Marwa Helal

Fightin’ Words

AUC professor, playwright and director Mahmoud El-Lozy talks of his latest acting role in a film that takes a critical look at the US involvement in Iraq

A terrorist, a baddie, an oilrich sultan or a dark and handsome womanizing prince—when it comes to the international film arena, chances are any Egyptian or Arab actor looking for a break will at some point in his or her career succumb to playing one of these flat and much-maligned stock characters.

Not so for Mahmoud El-Lozy, who has just wrapped up shooting The Situation in Morocco. Documenting the American occupation of Iraq, the film is directed by Philip Haas and is a far cry from what El-Lozy dubs a “formula” or star-studded film.

“It’s a modest film, with a budget of less than $2 million and a one-month shoot,” says the popular associate professor of drama at the American University in Cairo. He adds that the film’s offbeat plot line doesn’t promote a certain way of life and doesn’t include big action or visual expenses.

“It stands out as the only film where all the voices you hear are voices you wouldn’t hear in other films,” says El-Lozy, who has made appearances in Mohamed Khan’s Fares Al-Madina (Knight of the City, 1992), Jonathan Winfrey’s Legend of the Lost Tomb (1997), Youssef Shahine’s Alexandria… New York (2004) and Karin Westerlund’s God, Smell, and Her.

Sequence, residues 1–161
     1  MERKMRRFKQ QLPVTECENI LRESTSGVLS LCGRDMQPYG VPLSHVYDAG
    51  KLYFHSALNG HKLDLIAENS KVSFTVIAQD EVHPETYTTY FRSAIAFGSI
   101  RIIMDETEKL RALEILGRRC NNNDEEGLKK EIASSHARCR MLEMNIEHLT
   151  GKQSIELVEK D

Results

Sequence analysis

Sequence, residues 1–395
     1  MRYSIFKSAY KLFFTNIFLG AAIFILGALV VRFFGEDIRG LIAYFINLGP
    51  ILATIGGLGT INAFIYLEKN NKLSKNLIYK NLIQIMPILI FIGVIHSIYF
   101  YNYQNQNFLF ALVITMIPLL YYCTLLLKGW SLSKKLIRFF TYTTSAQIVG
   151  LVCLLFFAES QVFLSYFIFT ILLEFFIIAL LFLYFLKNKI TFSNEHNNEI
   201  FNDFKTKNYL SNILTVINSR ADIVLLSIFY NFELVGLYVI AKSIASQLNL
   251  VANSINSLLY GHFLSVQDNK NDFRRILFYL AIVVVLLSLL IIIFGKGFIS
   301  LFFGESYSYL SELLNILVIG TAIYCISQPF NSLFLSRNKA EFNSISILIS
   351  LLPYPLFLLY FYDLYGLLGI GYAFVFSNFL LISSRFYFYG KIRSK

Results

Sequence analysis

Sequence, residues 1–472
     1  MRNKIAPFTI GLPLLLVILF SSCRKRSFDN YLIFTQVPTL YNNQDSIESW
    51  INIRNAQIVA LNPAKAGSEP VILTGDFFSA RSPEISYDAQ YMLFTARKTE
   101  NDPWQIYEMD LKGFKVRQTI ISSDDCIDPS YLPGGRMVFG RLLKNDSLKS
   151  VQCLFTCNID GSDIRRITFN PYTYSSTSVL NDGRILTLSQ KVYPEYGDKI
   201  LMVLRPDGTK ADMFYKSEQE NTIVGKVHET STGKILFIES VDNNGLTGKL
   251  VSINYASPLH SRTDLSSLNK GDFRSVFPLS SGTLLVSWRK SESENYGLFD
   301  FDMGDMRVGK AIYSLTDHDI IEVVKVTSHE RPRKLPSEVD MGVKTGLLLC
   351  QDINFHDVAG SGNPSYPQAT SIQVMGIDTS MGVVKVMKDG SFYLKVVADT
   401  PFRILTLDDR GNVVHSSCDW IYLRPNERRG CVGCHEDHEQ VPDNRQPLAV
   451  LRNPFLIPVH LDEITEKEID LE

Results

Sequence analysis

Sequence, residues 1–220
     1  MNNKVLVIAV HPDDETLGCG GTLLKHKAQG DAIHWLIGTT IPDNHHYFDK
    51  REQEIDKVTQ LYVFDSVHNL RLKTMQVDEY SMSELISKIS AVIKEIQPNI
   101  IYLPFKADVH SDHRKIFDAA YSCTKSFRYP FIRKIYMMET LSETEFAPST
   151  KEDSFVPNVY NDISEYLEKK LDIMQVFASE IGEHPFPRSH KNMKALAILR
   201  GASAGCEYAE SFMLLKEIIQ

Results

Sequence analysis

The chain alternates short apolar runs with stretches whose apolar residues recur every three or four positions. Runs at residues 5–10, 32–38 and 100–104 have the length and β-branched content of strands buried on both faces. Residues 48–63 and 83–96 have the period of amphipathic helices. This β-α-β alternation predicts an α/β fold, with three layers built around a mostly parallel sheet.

“The film is based on a situation where it looks as if the Americans are the victims, the hostages—and then it turns out to be something completely different,” he explains. “The Americans come in to save the supposed hostage, but they end up burning the whole place and killing people, including a child, in the name of this thing called ‘democracy’ that they keep on trying to spread, like cream cheese or something.”

The beauty of The Situation is that it breaks ground when it comes to stereotyping. “The clichés of Americans as victims or knowing better, or Americans as saviors—none of that is there,” El-Lozy emphasizes. “Basically, this film leaves you with a picture of the chaos the Americans have created. They have destroyed one of the most ancient nations and civilizations in the world. They have violated it and raped it. After you’ve seen it the only thing you can say is that the Americans should get the hell out and also pay reparations to the Iraqis for the rest of their lives.”

El-Lozy plays Duraid, an Iraqi diplomat. “There’s a tragic dimension to him because he’s in a position where he has to betray his countrymen in order to get—he wants to get his family out, but he doesn’t want to be in exile, so he wants to make a deal, selling information to this CIA man who thinks he can ‘win hearts and minds and build a new Iraq.’”

Rolling his eyes at the clichés, El-Lozy continues: “He wants to go to Australia, which I thought was hilarious, because he knows what’s happening in his country and wants to go to Australia of all places,” El-Lozy says with a laugh. “How far away from Iraq can you go?”